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Kuala Lumpur (or KL, as it is commonly known) is, more often than not, a traveler’s point of entry to Malaysia. As the capital, it is the most modern and developed city in the country, with contemporary high-rises and world-class hotels, glitzy shopping malls, and local and international cuisine.
The city began around 1857 as a small mining boomtown spawned by the Industrial Revolution’s hunger for raw materials. Fueled by tin mining in the nearby Klang River Valley, the town grew under the business interests of three officials: a local Malay ruler, a British resident, and a Chinese headman (Kapitan China). The industry and village attracted Chinese laborers, Malays from nearby villages, and Indian immigrants who followed the British. As the town grew, colonial buildings that housed local administrative offices were erected around Merdeka Square, bounded by Jalan Sultan Hishamuddin and Jalan Kuching. The town, and later the city, spread outward from this center.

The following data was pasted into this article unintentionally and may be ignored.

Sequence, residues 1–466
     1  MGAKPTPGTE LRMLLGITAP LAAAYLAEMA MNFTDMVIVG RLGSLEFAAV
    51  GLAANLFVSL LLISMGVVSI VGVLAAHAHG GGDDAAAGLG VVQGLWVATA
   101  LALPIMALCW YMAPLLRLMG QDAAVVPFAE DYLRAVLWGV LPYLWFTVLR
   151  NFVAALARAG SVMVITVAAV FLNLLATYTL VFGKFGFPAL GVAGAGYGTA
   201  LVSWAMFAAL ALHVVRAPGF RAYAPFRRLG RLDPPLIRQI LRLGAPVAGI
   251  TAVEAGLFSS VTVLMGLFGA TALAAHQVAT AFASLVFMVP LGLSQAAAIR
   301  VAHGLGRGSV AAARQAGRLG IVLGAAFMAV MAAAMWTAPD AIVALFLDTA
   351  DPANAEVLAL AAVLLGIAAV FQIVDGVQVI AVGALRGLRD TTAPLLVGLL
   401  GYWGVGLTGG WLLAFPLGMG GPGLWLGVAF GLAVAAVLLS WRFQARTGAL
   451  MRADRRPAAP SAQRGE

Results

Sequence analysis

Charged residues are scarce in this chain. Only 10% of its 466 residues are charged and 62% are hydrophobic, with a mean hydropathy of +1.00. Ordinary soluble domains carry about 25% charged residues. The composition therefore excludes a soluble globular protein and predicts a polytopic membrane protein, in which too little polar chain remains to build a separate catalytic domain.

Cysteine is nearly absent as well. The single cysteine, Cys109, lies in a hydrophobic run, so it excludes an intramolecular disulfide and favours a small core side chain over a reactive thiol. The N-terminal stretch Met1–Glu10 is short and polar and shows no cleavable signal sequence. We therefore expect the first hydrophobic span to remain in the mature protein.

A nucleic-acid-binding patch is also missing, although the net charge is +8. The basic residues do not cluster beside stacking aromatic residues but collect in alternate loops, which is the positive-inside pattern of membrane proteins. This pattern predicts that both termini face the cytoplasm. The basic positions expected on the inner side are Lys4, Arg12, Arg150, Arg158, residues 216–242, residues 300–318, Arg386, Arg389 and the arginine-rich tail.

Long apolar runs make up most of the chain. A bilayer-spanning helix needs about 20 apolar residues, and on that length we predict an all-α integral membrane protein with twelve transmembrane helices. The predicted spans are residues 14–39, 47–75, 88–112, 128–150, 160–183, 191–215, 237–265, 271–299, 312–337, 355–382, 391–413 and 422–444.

Life in 19th-century KL had many difficult starts and stops — tin was subject to price fluctuations, the Chinese were involved in clan “wars,” and, worst of all, malaria was killing thousands. Still, in the late 1800s, KL overcame its hurdles to become the capital of the state and eventually of the Federated Malay States. Its development continued to accelerate, with a brief setback during the Japanese World War II occupation, until 1957, when newly independent Malaysia declared Kuala Lumpur its national capital.